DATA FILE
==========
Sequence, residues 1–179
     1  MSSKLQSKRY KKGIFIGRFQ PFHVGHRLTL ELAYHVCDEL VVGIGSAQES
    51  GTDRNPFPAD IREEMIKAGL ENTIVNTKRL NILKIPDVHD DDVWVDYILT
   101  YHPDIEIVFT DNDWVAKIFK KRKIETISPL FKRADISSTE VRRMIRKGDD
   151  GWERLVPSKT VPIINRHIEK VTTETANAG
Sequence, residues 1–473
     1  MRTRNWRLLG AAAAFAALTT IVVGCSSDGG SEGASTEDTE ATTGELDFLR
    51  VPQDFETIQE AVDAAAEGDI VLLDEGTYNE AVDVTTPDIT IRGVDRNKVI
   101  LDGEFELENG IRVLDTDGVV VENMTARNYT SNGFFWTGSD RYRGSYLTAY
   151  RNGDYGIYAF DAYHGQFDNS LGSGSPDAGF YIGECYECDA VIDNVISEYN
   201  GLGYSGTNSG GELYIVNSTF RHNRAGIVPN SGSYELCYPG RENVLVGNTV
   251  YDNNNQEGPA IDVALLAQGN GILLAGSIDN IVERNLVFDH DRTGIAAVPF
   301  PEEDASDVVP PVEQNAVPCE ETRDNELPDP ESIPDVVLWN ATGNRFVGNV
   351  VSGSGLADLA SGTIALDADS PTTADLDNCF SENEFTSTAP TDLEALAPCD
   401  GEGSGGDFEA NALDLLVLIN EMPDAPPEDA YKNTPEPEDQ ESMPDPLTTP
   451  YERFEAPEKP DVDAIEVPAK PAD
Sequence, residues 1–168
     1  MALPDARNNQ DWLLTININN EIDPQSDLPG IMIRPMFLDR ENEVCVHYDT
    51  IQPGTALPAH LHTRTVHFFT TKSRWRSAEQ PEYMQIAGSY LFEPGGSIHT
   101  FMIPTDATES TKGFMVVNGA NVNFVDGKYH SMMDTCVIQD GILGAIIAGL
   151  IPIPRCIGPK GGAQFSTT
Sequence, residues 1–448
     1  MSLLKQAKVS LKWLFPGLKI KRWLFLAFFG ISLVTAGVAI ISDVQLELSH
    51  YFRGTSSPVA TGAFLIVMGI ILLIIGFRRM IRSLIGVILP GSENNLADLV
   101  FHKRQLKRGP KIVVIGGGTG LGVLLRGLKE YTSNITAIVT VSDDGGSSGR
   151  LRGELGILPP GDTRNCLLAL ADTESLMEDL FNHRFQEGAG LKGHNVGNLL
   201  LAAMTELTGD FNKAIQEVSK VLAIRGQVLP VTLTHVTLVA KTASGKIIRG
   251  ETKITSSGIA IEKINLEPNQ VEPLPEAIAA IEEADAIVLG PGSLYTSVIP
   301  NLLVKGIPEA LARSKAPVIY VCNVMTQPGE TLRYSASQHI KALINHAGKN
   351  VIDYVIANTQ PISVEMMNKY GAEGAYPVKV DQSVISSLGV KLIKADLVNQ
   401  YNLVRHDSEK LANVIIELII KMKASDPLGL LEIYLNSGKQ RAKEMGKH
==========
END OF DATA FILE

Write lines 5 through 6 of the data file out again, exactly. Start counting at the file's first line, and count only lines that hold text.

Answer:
   151  GWERLVPSKT VPIINRHIEK VTTETANAG
Sequence, residues 1–473